This blog post is based on the article

Bieler, Andreas (2012) ‘Small Nordic Countries and Globalisation: Analysing Norwegian exceptionalism’, Competition and Change, Vol.16/3: 224-42.

Prof. Andreas Bieler
Professor of Political Economy
University of Nottingham/UK

9 July 2012

Thursday, 5 July 2012

Karl Marx, Class Struggles in France and historical materialist methodology!

Karl Marx did not only involve himself in abstract conceptual work on how to understand the capitalist social relations of production. He was also an engaged analyst of class struggles at his time. This included three separate writings on developments in France: The Class Struggles in France, 1848-1850 (1850); The Eighteenth Brumaire of Louis Bonaparte (1852); and The Civil War in France (1871). In this post, I will discuss key aspects of Marx’s historical materialist approach in relation to The Class Struggles in France, 1848-50 and conclude with some ideas of what this method implies for efforts today to understand the global political economy as well as the possibilities for revolutionary change.

Monday, 2 July 2012

Workers of the World Unite?

I have just published the article ‘“Workers of the world, unite?” Globalisation and the quest for transnational solidarity’ in the journal Globalizations. In this article, I discuss the structural setting of labour agency at this point in time and evaluate two broad responses by trade unions and social movements, the Decent Work, Decent Life initiative as well as the Labour and Globalisation Network.

Friday, 29 June 2012

Struggle for a Public University

In February, the Annual Dearing Higher Education Conference 2012 was held at the University of Nottingham entitled The Business and Growth Benefits of Higher Education. At the meeting, the Director-General of the CBI, John Cridland, demanded that business does not only co-operate with universities in the setting-up of spin-off companies but that it should also be more closely involved in the actual shaping of university curricula. But should the training of future workers for industry, the city, and the knowledge economy in Britain really be the main preoccupation of higher education? The workshop ‘For a Public University’, recently organised by the local UCU association and supported by the Centre for the Study of Social and Global Justice (CSSGJ), the Centre for Research in Higher, Adult & Vocational Education (HAVE), and the International Political Economy Group (IPEG) was a crucial counterweight to the interests of business on our university campuses. Significantly, it too was held at the University of Nottingham, on June 15, and raised some pressing issues as to whether universities should be generating profits for business or prophets for society.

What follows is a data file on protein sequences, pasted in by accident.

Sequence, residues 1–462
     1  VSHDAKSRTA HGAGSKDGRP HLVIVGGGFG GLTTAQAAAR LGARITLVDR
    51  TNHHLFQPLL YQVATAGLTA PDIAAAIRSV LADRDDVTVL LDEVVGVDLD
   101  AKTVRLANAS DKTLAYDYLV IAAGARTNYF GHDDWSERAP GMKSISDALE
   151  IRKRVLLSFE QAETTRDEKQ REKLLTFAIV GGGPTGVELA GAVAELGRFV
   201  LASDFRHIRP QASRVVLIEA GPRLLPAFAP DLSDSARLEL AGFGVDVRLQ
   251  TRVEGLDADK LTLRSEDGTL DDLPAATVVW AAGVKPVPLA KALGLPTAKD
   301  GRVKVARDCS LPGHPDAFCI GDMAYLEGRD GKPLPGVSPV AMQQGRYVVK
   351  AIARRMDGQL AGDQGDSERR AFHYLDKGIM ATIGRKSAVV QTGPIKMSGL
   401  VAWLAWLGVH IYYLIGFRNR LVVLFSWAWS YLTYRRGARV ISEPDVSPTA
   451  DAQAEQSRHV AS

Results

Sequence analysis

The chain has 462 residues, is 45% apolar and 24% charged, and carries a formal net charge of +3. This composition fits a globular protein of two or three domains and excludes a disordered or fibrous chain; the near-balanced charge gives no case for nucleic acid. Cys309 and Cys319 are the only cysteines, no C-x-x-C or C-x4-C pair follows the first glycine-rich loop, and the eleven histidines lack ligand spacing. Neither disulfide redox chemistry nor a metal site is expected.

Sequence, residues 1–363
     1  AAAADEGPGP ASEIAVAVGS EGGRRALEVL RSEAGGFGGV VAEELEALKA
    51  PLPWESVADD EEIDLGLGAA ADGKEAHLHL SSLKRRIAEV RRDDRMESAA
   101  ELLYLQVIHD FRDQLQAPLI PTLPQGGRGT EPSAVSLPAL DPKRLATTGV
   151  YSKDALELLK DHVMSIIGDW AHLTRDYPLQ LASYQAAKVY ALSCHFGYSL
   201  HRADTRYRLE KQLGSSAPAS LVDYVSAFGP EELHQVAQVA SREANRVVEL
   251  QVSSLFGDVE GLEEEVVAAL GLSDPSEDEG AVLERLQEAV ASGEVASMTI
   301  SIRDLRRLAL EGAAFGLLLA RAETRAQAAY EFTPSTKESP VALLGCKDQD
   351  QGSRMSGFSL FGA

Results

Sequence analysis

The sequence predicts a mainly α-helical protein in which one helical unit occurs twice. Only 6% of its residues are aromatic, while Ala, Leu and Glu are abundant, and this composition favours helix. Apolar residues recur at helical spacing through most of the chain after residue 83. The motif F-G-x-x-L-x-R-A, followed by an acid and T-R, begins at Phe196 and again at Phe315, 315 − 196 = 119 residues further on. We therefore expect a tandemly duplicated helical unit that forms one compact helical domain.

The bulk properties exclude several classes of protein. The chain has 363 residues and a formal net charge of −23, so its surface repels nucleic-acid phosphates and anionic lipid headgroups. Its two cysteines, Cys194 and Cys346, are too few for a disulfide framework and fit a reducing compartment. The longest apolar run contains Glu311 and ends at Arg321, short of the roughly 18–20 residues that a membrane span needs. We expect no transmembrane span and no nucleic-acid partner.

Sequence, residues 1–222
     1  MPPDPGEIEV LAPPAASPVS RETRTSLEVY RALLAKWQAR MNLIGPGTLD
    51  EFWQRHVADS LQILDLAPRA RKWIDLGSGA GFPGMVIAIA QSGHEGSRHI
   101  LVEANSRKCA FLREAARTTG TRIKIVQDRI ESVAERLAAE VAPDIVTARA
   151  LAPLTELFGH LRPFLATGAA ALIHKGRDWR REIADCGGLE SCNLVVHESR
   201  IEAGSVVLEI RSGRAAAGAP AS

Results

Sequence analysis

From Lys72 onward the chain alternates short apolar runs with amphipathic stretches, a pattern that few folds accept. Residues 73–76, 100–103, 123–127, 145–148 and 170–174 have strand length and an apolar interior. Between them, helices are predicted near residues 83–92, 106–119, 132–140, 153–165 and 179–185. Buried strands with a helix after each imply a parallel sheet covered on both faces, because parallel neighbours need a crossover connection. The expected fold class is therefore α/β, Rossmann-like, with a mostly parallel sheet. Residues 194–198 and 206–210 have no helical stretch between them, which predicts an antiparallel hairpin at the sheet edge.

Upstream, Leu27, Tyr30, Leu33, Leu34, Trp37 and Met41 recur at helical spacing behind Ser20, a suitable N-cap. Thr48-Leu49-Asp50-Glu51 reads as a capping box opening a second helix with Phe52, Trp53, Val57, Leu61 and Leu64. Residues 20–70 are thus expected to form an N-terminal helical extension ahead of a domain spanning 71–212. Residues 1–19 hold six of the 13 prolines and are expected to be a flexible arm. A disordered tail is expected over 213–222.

Sunday, 24 June 2012

Trouble in the international labour movement: is the ITUC ready for the challenges ahead?

The establishment of the International Trade Union Confederation (ITUC) in November 2006, resulting from a merger of the International Confederation of Free Trade Unions (ICFTU) and the World Confederation of Labour (WCL), was greeted with enthusiasm by labour movements from around the world. A united, stronger international trade union promised greater input on global politics towards more equality. Since then, many trade unions especially in the Global South have become disillusioned with the ITUC. In this post, I will assess to what extent the ITUC is prepared for the key challenges of the global economy in the 21st century.